- Series 4 (1986–1988) was available with a naturally aspirated, fuel-injected 13B-VDEI producing 146 hp (108 kW). An optional turbocharged model, known as the Turbo II in the American market, had 189 hp (135 kW).
- Series 5 (1989–1992) featured updated styling and better engine management, as well as lighter rotors and a higher compression ratio, 9.7:1 for the naturally aspirated model, and 9.0:1 for the turbo model. The naturally aspirated Series 5 FC made 160 hp (119 kW), while the Series 5 Turbo made 200 hp (147 kW).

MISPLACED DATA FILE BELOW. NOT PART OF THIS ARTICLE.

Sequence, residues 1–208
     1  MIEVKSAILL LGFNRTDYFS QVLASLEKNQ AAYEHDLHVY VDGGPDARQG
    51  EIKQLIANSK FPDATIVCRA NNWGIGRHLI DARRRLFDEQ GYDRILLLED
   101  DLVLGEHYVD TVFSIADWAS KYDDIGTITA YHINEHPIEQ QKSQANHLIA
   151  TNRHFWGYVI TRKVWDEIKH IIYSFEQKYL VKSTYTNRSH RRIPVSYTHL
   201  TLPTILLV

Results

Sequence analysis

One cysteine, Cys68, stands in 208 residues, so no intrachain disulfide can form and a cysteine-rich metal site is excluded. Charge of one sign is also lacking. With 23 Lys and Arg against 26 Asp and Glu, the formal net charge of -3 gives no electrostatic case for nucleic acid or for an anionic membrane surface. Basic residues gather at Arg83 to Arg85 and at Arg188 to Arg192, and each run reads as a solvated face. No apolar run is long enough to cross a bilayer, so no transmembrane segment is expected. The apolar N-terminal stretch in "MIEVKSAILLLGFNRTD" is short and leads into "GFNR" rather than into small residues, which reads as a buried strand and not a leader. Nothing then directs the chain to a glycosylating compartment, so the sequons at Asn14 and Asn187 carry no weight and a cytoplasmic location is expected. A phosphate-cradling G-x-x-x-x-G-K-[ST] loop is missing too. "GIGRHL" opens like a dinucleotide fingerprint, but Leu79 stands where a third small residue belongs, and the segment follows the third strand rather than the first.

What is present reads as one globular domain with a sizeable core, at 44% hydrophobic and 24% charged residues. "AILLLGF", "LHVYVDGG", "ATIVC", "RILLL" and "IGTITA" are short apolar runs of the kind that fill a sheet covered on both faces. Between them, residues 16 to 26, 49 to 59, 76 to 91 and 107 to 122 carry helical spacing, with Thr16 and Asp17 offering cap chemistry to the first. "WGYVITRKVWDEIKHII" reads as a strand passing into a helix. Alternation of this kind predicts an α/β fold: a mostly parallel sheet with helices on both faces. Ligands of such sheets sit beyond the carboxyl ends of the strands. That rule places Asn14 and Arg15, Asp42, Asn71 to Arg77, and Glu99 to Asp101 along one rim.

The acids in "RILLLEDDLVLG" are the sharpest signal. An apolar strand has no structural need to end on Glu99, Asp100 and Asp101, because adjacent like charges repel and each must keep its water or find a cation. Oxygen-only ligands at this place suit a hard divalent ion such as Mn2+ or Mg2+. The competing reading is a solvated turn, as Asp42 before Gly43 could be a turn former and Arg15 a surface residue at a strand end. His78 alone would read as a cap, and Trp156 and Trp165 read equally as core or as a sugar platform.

The second generation RX-7 ("FC", VIN begins JM1FC3 or JMZFC1), still known as the "Savanna RX-7" in Japan, featured a complete restyling reminiscent of the Porsche 928. Mazda's stylists, lead by Chief Project Engineer Akio Uchiyama, actually focused more on the Porsche 944 for their inspiration in designing the FC because the new car was being styled primarily for the American market, where the majority of first generation RX-7's had been sold. This strategy was chosen after Uchiyama and others on the design team spent time in the United States studying owners of earlier RX-7's and other sports cars popular in the American market. The Porsche 944 was selling particularly well at the time and provided clues as to what sports-car enthusiasts might find compelling in future RX-7 styling and equipment. While the SA22/FB was a purer sports car, the FC tended toward the softer sport-tourer trends of its day. Handling was much improved, with less of the oversteer tendencies of the FB. Steering was more precise, with rack and pinion steering replacing the old recirculating ball steering of the FB. Disc brakes also became standard, with some models (S4: GXL, GTU, Turbo II, Convertible; S5: GXL, GTUs, Turbo, Convertible) offering four-piston front brakes. The rear seats were optional in some models of the FC RX-7, but are not commonly found in the American Market. Mazda also introduced Dynamic Tracking Suspension System (DTSS)in the 2nd generation RX-7. The revised independent rear suspension incorporated special toe control hubs which were capable of introducing a limited degree of passive rear steering under cornering loads. Mazda also introduced Auto Adjusting Suspension (AAS) in the 2nd generation RX-7. The system changed damping characteristics according to the road and driving conditions. The system compensated for camber changes and provided anti-dive and anti-squat effects.